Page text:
Originally constructed to provide a permanent arena in the center of Ancient Rome for staging various forms of entertainment for the Romans, the Colosseum conveyed the wealth, might, and the power of Rome for outsiders to see. Though only a third of this structure remains, it was once able to hold at least 50,000 people; roughly 100 people per each of the five levels with an unobstructed view of whatever might be happening on the arena floor at any given moment. The upper-class men, or those with the most influence in Rome, were seated at the lowest level, for front-row views of the action. As each level got further away from the ground, the wealth and power of those men sitting there declined. Half-way up would be the equivalent to today’s middle class; they have wealth, but not as much as the higher class, and less influence in the happenings. In true misogynistic ways – like most things were in Ancient times – the top tier seating was where the women sat. At least they were even allowed to go to the Colosseum in the first place.
When we were informed that Friday morning that our tour of the Colosseum and the Roman Forum would be lengthy, and we’d need to stick close to the tour guide, I wasn’t putting into consideration that this tour would be upwards of five hours of standing on, in my case, feet with knee, hip, and back problems. After walking that entire time, it’s no wonder logical thinking wasn’t going to be my strong suit. I was, after all, hunting for a place to sit for the majority of the tour, even going as far as to sit on a marble slab on the ground in the Roman Forum.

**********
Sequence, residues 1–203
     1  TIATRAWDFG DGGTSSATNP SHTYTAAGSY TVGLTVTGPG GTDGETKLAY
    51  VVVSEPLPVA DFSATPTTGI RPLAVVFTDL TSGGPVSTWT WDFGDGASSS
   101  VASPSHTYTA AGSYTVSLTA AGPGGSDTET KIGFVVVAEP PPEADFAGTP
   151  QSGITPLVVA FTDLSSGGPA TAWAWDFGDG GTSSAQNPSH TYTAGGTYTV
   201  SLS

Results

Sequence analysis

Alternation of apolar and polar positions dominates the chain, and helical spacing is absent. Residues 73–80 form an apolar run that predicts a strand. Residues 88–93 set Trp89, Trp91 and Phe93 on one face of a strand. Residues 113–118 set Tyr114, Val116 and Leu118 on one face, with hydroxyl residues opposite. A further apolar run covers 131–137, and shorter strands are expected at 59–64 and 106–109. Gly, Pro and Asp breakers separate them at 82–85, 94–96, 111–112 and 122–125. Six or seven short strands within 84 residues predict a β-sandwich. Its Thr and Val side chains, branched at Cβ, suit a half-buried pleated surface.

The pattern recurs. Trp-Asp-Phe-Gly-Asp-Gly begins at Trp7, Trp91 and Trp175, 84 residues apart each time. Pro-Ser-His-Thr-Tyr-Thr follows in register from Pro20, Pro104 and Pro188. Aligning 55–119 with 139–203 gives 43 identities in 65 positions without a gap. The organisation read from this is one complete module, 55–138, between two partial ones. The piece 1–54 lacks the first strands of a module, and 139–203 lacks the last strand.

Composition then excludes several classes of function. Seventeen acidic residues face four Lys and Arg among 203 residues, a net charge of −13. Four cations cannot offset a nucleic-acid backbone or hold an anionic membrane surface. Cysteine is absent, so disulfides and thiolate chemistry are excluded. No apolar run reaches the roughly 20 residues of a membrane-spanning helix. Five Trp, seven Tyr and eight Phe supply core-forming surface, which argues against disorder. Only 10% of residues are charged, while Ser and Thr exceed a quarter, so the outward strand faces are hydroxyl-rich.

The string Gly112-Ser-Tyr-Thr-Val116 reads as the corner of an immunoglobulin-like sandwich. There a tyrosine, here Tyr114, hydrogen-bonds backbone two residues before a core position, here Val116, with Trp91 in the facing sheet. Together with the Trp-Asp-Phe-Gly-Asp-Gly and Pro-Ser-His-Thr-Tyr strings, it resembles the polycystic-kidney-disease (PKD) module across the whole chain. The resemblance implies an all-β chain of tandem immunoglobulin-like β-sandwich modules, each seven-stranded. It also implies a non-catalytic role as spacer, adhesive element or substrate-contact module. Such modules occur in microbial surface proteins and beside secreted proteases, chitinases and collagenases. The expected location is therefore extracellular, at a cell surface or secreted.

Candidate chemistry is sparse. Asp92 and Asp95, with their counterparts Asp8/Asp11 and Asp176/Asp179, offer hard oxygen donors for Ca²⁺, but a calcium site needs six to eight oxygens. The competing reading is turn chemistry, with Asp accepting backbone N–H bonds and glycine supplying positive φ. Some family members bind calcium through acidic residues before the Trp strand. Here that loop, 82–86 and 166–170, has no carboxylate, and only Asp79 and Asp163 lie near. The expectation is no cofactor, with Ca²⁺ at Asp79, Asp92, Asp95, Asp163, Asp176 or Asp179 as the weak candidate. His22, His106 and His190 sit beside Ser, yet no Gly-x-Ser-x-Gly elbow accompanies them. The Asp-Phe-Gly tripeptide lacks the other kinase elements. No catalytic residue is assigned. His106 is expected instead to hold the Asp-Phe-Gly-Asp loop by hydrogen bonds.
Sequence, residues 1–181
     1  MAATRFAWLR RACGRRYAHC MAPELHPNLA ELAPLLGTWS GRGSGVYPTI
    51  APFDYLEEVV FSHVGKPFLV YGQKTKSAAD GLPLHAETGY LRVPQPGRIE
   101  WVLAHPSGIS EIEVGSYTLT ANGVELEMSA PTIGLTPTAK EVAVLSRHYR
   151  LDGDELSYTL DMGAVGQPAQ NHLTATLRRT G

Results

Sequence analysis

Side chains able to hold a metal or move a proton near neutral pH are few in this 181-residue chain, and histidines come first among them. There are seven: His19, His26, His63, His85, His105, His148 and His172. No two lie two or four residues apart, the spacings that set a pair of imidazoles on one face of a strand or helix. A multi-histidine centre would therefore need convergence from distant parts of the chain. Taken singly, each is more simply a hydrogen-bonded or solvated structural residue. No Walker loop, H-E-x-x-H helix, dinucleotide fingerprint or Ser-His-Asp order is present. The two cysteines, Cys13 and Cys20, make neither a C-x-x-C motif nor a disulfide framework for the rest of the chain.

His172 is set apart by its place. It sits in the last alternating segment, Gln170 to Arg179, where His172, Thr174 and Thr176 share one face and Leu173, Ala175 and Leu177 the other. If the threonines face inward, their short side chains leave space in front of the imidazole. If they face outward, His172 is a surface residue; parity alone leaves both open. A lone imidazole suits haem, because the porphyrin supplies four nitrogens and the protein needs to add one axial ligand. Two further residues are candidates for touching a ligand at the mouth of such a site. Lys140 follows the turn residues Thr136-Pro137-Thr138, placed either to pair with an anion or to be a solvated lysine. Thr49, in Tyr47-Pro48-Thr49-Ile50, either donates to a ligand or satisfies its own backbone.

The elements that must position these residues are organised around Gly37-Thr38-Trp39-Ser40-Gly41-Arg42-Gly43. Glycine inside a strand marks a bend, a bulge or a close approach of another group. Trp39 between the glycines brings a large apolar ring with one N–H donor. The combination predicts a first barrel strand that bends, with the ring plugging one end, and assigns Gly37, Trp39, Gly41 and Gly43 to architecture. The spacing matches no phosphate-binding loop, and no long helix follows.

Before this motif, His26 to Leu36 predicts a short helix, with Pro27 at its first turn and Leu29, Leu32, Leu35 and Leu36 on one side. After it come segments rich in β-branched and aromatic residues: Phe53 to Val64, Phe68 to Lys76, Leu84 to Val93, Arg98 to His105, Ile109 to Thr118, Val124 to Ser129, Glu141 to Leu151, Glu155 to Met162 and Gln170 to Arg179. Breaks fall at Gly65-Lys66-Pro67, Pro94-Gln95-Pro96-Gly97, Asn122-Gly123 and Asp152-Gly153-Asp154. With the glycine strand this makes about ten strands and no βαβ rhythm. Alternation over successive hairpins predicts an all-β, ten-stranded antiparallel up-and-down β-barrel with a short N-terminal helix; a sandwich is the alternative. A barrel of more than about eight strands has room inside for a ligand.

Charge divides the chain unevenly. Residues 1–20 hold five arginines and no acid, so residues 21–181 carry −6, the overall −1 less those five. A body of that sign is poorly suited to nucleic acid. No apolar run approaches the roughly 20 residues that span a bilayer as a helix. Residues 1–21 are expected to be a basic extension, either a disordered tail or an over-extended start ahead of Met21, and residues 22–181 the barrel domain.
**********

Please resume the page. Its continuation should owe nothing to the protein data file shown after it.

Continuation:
The grumbling of stomachs towards the end of the tour was beginning to become a problem for some students. I, for one, was more in pain from my throbbing feet than I was hungry, but I wasn’t going to pass up an opportunity to get something to eat, especially if it meant I could finally sit down for more than a handful of minutes as the tour guide rambled on about one thing or another. As we split into groups, ours dubbing ourselves the Avengers and divvying out nicknames to everyone, Permenter said to us, “If you go in front of the wedding cake and go down the street perpendicular to it, somewhere down there are places that you can sit down and eat at.” Taking her word for it, we began our trek in the supposed correct direction after stopping to take pictures, of course.